It was a nice, but firm letter. Bruce has been feeding them historical material since the early 1970s. With this letter he sent material they could not possibly have. He offered them continuing access to our research, even in areas where we are not ready to share with anyone else. This represents thousands of pages of original documents, few of which they’d have seen.

He asked for the return of one document within two months. They haven’t returned it, and, as far as I can see, they have no intention of returning it. We’re writing to them today asking for its return. I’ve read three drafts of my WP’s letter. I think the final version is a nice, polite request. It’s far nicer than any I would write. He enclosed the first page of an historical document that they will not have – only the first page. Bravo! It’s about time he gets some spine and tells them “where the bear went in the buckwheat.”
I think approaching an organization noted for cult-like secrecy is a waste of time. Understand that I find much to admire among their members. I don’t admire their policies. They foster a dual mythology by trying to control what elements of their history are published. Secrecy opens the door to speculation and falsification. So there is the mythologized version of history they present and there is a wrong-headed, sometimes purposely falsified version their enemies present. A forum poster named “Terry” presents some of the poorest researched material I’ve ever seen as absolute truth. Those who read that forum swallow it whole and praise him for research of such poor quality that he would have failed any of the classes I taught. The blame for this rests with the body of ruling bishops of the organization in question.

A frank and thorough presentation of their history would serve them well. They’re afraid of it, however. That leaves key questions and objections unaddressed. It abandons the field to those who oppose them. The effect, if not the intent, is the promotion of a series of lies.

I’m cranky anyway. I feel bad and I’m unhappy generally – to the point of significant anger. The problem is, I don’t know where to direct my anger. Yesterday, God and I had a long argument over his behavior. Okay, so that was a one-sided argument. He was probably busy with something else. The day before, I bit an employee’s butt, saying things such as “that’s not a hard decision to make,” and “I have an hour and a half’s drive in front of me and you’re wasting my time.” It took them 15 minutes to make a decision a normal person could make in thirty seconds or less. But … I was angry beyond what her dithering ways reasonably should have caused.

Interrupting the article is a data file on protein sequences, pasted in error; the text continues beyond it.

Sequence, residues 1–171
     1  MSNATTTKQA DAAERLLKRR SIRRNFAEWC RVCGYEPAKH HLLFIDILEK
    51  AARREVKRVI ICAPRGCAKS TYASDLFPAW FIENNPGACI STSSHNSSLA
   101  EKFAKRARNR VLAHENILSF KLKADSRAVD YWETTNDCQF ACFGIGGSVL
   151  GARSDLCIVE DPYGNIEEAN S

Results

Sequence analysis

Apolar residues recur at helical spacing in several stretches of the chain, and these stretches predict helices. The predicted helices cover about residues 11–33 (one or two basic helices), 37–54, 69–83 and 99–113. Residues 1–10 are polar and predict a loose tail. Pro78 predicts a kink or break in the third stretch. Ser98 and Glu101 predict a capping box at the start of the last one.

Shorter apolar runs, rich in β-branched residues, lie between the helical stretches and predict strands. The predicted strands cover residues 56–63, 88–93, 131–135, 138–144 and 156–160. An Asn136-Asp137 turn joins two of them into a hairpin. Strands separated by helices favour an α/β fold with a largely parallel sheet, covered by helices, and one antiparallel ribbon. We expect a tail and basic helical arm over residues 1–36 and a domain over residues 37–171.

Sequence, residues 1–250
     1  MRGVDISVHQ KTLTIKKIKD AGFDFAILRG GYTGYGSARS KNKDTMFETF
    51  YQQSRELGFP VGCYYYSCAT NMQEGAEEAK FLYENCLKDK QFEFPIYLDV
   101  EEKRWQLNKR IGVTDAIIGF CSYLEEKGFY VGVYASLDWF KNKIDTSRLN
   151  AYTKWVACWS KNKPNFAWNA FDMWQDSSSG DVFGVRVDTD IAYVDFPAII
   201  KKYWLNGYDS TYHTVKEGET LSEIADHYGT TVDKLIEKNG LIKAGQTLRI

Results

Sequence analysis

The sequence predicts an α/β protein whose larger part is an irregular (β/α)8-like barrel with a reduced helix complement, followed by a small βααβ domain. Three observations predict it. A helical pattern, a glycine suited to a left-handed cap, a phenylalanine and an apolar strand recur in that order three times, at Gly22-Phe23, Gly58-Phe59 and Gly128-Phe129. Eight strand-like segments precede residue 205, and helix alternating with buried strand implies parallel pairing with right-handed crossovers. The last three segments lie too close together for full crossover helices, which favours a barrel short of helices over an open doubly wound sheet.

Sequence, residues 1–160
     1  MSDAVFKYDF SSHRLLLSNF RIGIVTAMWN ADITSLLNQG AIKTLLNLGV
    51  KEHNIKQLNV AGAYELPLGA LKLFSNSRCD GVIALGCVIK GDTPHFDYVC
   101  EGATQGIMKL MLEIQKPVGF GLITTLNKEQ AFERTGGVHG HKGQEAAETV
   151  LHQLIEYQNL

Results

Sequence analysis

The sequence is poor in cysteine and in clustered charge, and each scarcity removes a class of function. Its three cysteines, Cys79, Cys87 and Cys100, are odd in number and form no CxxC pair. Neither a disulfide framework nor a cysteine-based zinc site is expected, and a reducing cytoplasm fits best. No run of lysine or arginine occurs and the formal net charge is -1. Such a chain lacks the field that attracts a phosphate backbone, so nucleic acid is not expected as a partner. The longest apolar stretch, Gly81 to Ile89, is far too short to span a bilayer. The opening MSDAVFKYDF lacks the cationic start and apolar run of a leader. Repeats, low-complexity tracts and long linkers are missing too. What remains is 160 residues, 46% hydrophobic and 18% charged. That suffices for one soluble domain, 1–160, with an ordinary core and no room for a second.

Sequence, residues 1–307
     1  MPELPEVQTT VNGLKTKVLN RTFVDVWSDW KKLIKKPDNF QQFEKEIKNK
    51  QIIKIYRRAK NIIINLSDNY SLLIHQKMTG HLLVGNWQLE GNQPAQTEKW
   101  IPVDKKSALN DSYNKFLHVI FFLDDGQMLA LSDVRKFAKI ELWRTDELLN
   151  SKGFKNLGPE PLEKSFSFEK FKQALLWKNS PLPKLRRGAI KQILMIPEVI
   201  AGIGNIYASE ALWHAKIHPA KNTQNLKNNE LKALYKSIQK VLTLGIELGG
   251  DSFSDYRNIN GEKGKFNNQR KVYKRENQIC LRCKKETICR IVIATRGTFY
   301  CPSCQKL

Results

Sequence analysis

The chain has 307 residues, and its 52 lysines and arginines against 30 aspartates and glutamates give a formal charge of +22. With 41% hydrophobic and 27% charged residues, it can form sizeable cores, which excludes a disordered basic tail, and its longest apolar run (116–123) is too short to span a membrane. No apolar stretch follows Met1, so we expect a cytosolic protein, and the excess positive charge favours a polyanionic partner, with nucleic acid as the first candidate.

The anger attaches to my condition. I fight it daily. I’ve lost the fight three times this past fortnight. I probably need my medication levels checked again.

Friday, November 02, 2012

I wish ..

... everyone would keep their posting names consistent. Pixies are easily confused.

Alexandra von Hannover and Frederick von Mecklenburg

Signed to a family member by Alix in 1903.

Great great Gram and her mom are in this photo

Taken in Denmark.

Fairies with Attitude, Frustrated Researchers, and Scotland

I’m a bit unhappy. I’ve spent a week of research time tracing down an article published in the early 1880s. I found what I believe is the original article, but it’s nothing like how it was described by someone else, so I may be mistaken. I’ll re-read them all again sometime this weekend. There is also a reference to a “tabernacle chart.” I may have identified that too, but the emphasis here should be on the “may have” part of this sentence.

I’m certain that this would be easier if I weren’t so sick lately. The world turns into a darker and more confusing place when I’m sick.

On to other matters:

Remember when I turned Knobby Knees into a shape-shifting dragon? Well, last night, while sipping hot chocolate with marshmallow melt on top, I turned him into a half-fairy with attitude. You may laugh at this if you wish, but this helps me develop my characters. I really must write new chapters before I forget what I have imagined. I now know how dragons kill their prey. I will find a way to describe what I see mentally that’s not as graphic as my vision of it.

I wish O. Reader was back from Scotland’s damps and dews so he could say something pithy and entertaining. Maybe he’ll send us a youtube video of him singing about Old Black Joe or something.